Encyclopedia Britannica is providing free access for web publishers, including blog authors, to its online articles. I took advantage of the offer and signed up, thinking to explore how it might provide useful content to include in my writing. Some impressions:
Britannica vs Wikipedia
Britannica has a much more multimedia feel to it than Wikipedia, with things like auto-zooming thumbnails where Wikipedia just has images. But I had a few problems with Britannica’s interface in Firefox such as scroll bars wandering around. Overall, I much prefer the Wikipedia approach, only as high-tech as it needs to be.
Britannica has a Store section which offers you the chance to buy things like a cd-rom on the topic being currently viewed. I don’t miss that on Wikipedia.
Britannica has more in-depth articles on some topics, especially those with some historical background. For example, searching for ‘programmed instruction’ took me to an in-depth article on the topic with lots of links to other articles. The same article in Wikipedia was very short and lacked depth and breadth.
Wikipedia has articles on recently emerging or localised topics and concepts where Britannica often has nothing. For example, searching for learning design in Britannica yielded nothing, in Wikipedia it redirected to instructional design. Searching for flexible learning (a term popular here in Australasia) yielded nothing in Britannica but a short article in Wikipedia with links to related concepts.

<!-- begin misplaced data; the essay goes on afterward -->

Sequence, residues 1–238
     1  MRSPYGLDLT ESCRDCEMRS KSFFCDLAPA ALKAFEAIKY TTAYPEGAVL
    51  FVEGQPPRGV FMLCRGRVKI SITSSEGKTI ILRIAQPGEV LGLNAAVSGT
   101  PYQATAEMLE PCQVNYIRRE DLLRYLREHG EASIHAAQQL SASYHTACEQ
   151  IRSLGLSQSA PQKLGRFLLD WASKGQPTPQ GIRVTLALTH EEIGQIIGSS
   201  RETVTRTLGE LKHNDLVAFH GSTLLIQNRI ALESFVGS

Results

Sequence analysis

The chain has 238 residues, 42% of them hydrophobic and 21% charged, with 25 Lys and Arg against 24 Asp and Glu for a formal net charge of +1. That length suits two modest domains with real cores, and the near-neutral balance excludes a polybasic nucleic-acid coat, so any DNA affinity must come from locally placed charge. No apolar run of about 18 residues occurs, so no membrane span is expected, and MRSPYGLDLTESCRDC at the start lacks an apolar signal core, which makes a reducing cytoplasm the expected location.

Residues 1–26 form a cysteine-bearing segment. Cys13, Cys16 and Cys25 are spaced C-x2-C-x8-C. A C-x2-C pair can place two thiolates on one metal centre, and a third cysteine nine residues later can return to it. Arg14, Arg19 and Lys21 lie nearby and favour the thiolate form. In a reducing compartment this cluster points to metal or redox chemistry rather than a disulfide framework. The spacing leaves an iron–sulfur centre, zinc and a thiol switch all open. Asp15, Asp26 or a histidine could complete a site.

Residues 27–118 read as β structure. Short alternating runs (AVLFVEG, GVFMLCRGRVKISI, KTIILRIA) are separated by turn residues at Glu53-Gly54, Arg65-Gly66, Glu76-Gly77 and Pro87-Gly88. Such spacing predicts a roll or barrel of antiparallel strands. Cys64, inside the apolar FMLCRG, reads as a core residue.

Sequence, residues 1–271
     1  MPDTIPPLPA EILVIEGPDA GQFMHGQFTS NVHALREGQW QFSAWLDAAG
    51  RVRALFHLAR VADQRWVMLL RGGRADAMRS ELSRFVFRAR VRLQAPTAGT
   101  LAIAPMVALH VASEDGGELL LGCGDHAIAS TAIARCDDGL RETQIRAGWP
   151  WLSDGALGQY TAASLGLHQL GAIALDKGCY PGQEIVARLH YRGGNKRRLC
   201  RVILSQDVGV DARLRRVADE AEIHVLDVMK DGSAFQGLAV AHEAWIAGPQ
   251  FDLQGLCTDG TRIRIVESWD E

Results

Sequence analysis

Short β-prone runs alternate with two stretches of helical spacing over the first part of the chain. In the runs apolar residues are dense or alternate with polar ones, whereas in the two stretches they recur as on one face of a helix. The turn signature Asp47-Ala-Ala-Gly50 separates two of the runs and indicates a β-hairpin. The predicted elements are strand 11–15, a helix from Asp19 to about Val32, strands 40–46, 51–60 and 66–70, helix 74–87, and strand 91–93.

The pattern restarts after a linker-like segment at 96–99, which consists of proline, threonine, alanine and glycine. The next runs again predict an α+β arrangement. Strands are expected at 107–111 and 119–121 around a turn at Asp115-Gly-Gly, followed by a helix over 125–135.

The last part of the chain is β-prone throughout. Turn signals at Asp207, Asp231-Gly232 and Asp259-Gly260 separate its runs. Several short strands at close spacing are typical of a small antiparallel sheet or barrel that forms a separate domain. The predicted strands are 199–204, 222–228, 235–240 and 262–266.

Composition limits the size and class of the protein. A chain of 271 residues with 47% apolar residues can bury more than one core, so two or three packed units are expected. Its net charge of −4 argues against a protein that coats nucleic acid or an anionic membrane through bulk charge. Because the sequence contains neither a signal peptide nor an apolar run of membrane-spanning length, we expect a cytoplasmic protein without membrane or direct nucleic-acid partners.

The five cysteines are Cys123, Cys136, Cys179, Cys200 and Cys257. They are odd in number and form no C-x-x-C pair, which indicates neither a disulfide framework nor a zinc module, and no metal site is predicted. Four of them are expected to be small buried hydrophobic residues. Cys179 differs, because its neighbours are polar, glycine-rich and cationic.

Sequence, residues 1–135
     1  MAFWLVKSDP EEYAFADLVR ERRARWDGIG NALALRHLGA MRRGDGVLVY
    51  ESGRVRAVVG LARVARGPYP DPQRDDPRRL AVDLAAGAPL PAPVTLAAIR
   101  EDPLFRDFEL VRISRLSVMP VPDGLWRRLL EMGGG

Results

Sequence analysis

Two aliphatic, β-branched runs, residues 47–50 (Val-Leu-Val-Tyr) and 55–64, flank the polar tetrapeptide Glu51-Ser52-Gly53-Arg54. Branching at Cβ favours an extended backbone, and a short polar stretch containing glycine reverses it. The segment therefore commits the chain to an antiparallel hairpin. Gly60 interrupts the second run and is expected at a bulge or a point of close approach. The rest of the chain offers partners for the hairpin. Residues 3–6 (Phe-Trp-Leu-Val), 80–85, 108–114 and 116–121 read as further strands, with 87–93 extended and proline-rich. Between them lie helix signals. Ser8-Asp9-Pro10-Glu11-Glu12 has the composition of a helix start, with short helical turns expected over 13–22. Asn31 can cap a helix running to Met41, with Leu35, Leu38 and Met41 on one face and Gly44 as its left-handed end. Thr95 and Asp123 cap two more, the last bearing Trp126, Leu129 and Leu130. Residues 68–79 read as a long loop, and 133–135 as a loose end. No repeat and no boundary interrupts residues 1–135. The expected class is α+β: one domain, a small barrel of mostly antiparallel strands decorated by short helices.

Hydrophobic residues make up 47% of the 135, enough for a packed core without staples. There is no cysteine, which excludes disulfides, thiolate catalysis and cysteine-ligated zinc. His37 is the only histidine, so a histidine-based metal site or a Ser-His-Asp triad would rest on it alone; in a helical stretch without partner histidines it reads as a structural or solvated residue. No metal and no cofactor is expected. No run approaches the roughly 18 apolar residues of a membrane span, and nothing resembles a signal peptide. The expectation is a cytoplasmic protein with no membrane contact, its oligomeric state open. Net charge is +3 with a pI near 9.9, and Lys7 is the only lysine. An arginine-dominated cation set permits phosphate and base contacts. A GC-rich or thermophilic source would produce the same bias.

In summary, I’d have to say that Britannica provided more substantial content for some concepts which I’d characterise as ‘historical’ and ‘mainstream’. Wikipedia provided more substantial content for concepts I’d characterise as ’emerging’ and less mainstream. However, these are only initial impressions and are not based on a rigorous evaluation of the relative validity of the information provided.
As expected, Britannica and Wikipedia provided complementary information, which in itself is useful. Each had gaps and each had strengths. If Britannica makes its online version free to all (as some have predicted), it may be too late to compete with Wikipedia’s mass appeal but should allow it to retain a niche in the market.